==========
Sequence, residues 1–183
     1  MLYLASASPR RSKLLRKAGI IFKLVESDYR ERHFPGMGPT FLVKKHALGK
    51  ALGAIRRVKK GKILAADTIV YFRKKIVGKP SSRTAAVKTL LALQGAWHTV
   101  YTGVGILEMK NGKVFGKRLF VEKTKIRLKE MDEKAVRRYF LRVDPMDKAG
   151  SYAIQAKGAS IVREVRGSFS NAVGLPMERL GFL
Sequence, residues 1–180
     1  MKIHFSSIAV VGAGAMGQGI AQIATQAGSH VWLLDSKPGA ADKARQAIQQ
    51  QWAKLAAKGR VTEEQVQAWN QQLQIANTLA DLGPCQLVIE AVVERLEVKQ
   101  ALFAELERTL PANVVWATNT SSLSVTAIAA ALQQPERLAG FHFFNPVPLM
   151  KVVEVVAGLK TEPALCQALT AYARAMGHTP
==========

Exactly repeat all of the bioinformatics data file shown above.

Sequence, residues 1–183
     1  MLYLASASPR RSKLLRKAGI IFKLVESDYR ERHFPGMGPT FLVKKHALGK
    51  ALGAIRRVKK GKILAADTIV YFRKKIVGKP SSRTAAVKTL LALQGAWHTV
   101  YTGVGILEMK NGKVFGKRLF VEKTKIRLKE MDEKAVRRYF LRVDPMDKAG
   151  SYAIQAKGAS IVREVRGSFS NAVGLPMERL GFL
Sequence, residues 1–180
     1  MKIHFSSIAV VGAGAMGQGI AQIATQAGSH VWLLDSKPGA ADKARQAIQQ
    51  QWAKLAAKGR VTEEQVQAWN QQLQIANTLA DLGPCQLVIE AVVERLEVKQ
   101  ALFAELERTL PANVVWATNT SSLSVTAIAA ALQQPERLAG FHFFNPVPLM
   151  KVVEVVAGLK TEPALCQALT AYARAMGHTP